Petroleum Based Fertilizer Sources

Most petroleum-based fertilizers are actually waste or byproduct from the oil and gas industry, with many of these ingredients and compounds traditionally being considered “trash”. The first transition of these chemicals was into the form of herbicides, pesticides, and fungicides. Later, manufacturers realized that with a little bit more chemistry, they could turn some of these same ingredients and compounds into fertilizers.

Liquid Fertilizer Sources

Most liquid fertilizers start as powders and granulars. Using heating, cooling and other processes manufacturers are able to solubilize higher amounts of ingredients per volume of water to attain a higher concentration. The problem is once you achieve a certain concentration you have what is called fallout. A lot of hydroponic fertilizers on the market have fallout already occurring at the time of purchase. If you’ve ever gotten a liquid fertilizer that has clumps and chunks in it already this is the case. The problem is once precipitants start falling out of a solution it means the formulation of the fertilizer begins missing pieces and becomes incomplete. Most of the time these precipitants are quite difficult to solubilize unless they put through additional heating and cooling processes.

Most liquid fertilizers typically come from a stock tank solution that has been watered down to about 10%. Hydroponic fertilizer companies offer a wide variety of products, but unfortunately many of them are very similar. Because many of these products contain the same ingredients in multiple bottles it is easy to overload or create an imbalance in nutrient ratios. And this can lead to lower yields and higher expenses.

Stock Tank Solution

A stock tank solution is the most common hydroponic nutrient found in retail stores. A traditional stock tank is about one pound of fertilizer for one gallon of water. This mixture is solubilized, sometimes with warm or high temperature water. It then sits in a reservoir and eventually given to plants.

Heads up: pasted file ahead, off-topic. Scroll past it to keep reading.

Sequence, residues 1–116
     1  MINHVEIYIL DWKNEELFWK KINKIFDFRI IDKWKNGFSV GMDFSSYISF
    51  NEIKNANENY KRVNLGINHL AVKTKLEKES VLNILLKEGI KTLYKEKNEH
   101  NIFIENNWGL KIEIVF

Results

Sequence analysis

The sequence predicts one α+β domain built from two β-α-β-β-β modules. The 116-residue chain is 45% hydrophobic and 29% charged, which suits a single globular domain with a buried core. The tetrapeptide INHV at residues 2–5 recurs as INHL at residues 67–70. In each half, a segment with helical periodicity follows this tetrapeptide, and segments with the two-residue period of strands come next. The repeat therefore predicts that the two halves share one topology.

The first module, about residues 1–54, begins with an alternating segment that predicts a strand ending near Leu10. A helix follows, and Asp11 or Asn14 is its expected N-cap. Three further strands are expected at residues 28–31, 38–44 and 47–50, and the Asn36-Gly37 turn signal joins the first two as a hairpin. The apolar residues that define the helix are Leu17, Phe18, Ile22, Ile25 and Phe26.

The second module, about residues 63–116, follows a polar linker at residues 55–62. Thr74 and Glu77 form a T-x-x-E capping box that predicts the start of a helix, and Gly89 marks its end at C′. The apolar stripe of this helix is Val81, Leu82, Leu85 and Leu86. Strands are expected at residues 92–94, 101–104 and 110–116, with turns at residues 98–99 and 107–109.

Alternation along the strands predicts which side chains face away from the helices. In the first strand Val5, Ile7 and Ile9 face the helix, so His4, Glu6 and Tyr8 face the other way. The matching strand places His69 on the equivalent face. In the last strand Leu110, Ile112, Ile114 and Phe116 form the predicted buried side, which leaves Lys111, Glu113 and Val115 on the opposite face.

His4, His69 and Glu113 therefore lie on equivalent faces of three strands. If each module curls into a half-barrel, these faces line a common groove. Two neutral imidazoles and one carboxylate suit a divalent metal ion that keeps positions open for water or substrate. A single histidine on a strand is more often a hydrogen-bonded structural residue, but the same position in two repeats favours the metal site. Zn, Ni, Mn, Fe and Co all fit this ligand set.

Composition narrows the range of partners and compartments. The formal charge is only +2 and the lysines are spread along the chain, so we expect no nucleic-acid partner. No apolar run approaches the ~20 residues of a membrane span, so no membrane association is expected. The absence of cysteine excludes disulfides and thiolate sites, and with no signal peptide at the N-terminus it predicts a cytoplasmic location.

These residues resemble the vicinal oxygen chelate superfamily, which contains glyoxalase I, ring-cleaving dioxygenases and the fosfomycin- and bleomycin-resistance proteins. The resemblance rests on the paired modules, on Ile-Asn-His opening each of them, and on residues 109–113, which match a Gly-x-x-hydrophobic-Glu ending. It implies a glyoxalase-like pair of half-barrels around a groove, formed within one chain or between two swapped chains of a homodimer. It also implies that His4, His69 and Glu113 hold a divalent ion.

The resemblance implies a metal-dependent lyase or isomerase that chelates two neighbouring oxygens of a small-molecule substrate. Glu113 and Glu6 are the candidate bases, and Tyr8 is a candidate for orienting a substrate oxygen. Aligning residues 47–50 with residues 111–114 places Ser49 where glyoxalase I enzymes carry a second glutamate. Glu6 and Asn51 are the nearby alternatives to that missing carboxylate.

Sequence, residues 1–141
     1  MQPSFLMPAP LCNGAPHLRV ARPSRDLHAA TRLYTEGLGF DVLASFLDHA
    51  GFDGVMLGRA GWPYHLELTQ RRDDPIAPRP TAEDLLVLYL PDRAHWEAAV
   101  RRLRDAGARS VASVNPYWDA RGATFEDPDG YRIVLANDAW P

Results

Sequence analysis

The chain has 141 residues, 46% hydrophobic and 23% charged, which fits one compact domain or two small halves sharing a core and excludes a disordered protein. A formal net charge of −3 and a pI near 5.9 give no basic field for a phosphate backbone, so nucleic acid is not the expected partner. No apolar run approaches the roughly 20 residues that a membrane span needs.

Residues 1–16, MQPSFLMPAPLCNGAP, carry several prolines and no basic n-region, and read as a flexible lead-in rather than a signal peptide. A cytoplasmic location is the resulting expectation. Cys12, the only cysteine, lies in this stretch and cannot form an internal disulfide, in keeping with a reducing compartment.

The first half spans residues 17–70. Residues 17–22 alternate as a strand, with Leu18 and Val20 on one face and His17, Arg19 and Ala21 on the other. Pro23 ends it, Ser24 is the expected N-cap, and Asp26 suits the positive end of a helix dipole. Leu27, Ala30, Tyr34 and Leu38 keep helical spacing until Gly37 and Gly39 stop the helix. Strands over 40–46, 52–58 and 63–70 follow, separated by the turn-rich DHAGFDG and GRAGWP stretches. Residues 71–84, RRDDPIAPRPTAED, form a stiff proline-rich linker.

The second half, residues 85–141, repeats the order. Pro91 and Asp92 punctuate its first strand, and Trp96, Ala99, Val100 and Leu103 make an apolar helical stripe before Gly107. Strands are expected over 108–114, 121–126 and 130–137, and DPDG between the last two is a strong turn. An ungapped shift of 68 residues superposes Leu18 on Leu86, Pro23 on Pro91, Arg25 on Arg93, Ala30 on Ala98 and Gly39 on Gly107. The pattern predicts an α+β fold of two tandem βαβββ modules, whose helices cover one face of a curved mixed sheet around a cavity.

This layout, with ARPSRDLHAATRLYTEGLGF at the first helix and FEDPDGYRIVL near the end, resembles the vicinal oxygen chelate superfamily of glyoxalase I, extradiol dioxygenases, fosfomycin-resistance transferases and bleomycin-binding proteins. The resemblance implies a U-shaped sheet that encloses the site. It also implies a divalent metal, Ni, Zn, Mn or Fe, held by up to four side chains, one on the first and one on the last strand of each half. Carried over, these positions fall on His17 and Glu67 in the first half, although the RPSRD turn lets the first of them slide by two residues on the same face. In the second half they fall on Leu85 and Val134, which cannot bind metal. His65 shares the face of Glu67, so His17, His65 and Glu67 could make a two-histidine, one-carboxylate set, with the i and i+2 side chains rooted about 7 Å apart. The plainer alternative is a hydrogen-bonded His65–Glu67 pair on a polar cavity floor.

Mixing Tips

Some powders are hydrophobic nutrients and can be used in a fertilizer regiment. The easiest way to solubilize a hydrophobic nutrient or any nutrient for that matter is to use a premix container. The premix container can be as simple as a 1 gallon jug or a 5 gallon bucket. Add some water from the hydroponic reservoir, add the powder that that will be treated into the bucket and mix it thoroughly. This mix should then be added into the larger volume of nutrient reservoir solution. This concept is very similar to a protein shake or adding a packet of Kool-Aid mix into water. Most liquid fertilizers offer an advantage in this area. Liquid nutrients are in a solubilized state already and do not need to be mixed into a reservoir solution.

Calculating Cost per Gallon

Follow these four steps to calculate fertilizer cost per gallon.

Step 1

Discovery- Product, size, app rate, ego discount (50%)

Step 2

Convert ML- concentrate total ML volume divide by usage rate

Step 3

Divide MSRP by # of gallons product is able to make (high/low end)

Step 4


Tate Dooley is the founder and CEO of Key To Life inc & Optimize Horticulture Consulting.